George I. Seffers at Signal: “U.S. intelligence agencies are in the business of predicting the future, but no one has systematically evaluated the accuracy of those predictions—until now. The intelligence community’s cutting-edge research and development agency uses a handful of predictive analytics programs to measure and improve the ability to forecast major events, including political upheavals, disease outbreaks, insider threats and cyber attacks.
The Office for Anticipating Surprise at the Intelligence Advanced Research Projects Activity (IARPA) is a place where crystal balls come in the form of software, tournaments and throngs of people. The office sponsors eight programs designed to improve predictive analytics, which uses a variety of data to forecast events. The programs all focus on incidents outside of the United States, and the information is anonymized to protect privacy. The programs are in different stages, some having recently ended as others are preparing to award contracts.
But they all have one more thing in common: They use tournaments to advance the state of the predictive analytic arts. “We decided to run a series of forecasting tournaments in which people from around the world generate forecasts about, now, thousands of real-world events,” says Jason Matheny, IARPA’s new director. “All of our programs on predictive analytics do use this tournament style of funding and evaluating research.” The Open Source Indicators program used a crowdsourcing technique in which people across the globe offered their predictions on such events as political uprisings, disease outbreaks and elections.
The data analyzed included social media trends, Web search queries and even cancelled dinner reservations—an indication that people are sick. “The methods applied to this were all automated. They used machine learning to comb through billions of pieces of data to look for that signal, that leading indicator, that an event was about to happen,” Matheny explains. “And they made amazing progress. They were able to predict disease outbreaks weeks earlier than traditional reporting.” The recently completed Aggregative Contingent Estimation (ACE) program also used a crowdsourcing competition in which people predicted events, including whether weapons would be tested, treaties would be signed or armed conflict would break out along certain borders. Volunteers were asked to provide information about their own background and what sources they used. IARPA also tested participants’ cognitive reasoning abilities. Volunteers provided their forecasts every day, and IARPA personnel kept score. Interestingly, they discovered the “deep domain” experts were not the best at predicting events. Instead, people with a certain style of thinking came out the winners. “They read a lot, not just from one source, but from multiple sources that come from different viewpoints. They have different sources of data, and they revise their judgments when presented with new information. They don’t stick to their guns,” Matheny reveals. …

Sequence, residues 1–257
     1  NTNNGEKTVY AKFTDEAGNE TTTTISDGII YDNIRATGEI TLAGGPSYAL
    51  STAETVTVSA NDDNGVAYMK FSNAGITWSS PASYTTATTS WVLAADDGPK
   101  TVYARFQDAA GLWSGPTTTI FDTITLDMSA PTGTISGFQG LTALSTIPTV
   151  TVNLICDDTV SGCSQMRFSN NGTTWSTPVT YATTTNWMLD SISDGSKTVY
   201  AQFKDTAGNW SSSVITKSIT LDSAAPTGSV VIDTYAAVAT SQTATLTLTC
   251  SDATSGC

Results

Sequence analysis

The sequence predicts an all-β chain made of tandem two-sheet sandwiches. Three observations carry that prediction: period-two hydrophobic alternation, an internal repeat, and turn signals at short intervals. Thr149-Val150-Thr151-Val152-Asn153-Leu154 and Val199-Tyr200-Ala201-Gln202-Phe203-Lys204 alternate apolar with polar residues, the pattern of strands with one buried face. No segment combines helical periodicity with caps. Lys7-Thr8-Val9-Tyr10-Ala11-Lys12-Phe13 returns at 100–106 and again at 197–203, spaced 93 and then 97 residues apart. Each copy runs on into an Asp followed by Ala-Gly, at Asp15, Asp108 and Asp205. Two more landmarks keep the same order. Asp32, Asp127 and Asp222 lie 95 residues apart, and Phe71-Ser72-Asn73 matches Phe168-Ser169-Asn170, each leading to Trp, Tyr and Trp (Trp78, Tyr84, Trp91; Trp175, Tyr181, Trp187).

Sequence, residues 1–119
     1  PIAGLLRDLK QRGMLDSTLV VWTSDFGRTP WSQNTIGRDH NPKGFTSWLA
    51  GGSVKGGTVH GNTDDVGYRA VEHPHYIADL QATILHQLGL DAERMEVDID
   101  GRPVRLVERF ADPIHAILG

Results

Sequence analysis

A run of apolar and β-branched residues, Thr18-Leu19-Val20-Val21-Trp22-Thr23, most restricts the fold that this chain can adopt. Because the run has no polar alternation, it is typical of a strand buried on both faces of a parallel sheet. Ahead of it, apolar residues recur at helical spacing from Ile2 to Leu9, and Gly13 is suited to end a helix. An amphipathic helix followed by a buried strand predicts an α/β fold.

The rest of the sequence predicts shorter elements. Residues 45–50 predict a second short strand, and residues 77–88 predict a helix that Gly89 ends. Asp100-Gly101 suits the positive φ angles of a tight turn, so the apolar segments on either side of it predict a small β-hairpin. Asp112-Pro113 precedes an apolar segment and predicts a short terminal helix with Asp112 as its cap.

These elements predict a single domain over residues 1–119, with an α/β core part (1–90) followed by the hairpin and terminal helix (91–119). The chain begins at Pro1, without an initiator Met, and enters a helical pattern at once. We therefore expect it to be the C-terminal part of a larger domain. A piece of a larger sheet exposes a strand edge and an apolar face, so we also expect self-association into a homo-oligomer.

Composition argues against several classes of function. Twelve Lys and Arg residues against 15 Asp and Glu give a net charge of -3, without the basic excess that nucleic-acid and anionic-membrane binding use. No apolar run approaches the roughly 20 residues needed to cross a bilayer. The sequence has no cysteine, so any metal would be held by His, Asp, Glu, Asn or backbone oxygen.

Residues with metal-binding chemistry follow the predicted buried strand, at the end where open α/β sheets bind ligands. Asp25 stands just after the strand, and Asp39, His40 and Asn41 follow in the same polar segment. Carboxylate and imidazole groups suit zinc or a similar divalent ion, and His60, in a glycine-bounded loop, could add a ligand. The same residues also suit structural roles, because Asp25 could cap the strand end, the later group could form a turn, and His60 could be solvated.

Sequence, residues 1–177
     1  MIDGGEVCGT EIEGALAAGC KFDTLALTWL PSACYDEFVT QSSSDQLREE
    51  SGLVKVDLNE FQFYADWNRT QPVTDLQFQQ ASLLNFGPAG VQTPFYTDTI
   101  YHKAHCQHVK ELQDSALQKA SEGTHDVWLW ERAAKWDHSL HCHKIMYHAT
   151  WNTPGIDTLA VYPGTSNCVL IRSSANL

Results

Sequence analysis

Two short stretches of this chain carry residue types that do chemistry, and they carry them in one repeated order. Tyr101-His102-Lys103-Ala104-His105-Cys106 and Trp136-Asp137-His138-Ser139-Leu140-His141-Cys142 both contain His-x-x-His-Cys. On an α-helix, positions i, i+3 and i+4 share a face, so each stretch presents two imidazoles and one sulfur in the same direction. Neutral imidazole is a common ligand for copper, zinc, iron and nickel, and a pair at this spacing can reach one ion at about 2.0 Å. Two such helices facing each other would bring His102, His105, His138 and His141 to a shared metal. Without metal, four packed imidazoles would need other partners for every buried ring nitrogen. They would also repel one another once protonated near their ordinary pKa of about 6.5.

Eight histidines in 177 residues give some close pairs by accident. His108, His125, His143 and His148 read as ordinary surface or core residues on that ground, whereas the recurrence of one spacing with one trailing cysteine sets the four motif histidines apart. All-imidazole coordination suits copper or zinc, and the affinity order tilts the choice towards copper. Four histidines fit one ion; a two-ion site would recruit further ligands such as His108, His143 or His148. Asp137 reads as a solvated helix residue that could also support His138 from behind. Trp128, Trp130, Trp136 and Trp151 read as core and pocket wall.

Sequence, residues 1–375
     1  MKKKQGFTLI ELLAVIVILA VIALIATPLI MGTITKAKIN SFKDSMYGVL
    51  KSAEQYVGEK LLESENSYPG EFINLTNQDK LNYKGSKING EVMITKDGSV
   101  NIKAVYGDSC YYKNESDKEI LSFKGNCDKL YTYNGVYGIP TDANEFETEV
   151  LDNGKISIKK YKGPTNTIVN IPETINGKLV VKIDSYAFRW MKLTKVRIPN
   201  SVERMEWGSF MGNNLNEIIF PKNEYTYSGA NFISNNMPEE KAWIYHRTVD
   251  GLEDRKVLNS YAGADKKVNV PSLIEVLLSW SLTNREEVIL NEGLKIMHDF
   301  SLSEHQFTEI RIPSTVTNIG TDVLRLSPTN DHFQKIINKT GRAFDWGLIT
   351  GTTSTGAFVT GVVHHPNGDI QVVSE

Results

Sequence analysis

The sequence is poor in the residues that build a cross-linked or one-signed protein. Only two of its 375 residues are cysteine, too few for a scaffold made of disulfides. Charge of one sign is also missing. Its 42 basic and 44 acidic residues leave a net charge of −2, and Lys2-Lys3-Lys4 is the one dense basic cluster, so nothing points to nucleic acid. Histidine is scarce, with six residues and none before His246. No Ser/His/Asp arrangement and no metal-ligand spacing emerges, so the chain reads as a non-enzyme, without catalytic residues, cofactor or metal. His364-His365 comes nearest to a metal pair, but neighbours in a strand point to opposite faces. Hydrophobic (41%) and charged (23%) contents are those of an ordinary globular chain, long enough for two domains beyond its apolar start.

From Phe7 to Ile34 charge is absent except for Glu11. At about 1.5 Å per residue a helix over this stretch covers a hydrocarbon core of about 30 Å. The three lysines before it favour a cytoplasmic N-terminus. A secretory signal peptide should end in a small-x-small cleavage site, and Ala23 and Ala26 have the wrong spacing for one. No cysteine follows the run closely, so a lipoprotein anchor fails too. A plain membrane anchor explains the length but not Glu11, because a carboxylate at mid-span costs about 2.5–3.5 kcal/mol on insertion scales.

The ACE research also contributed to a recently released book, Superforecasting: The Art and Science of Prediction, according to the IARPA director. The book was co-authored, along with Dan Gardner, by Philip Tetlock, the Annenberg University professor of psychology and management at the University of Pennsylvania who also served as a principal investigator for the ACE program. Like ACE, the Crowdsourcing Evidence, Argumentation, Thinking and Evaluation program uses the forecasting tournament format, but it also requires participants to explain and defend their reasoning. The initiative aims to improve analytic thinking by combining structured reasoning techniques with crowdsourcing.
Meanwhile, the Foresight and Understanding from Scientific Exposition (FUSE) program forecasts science and technology breakthroughs….(More)”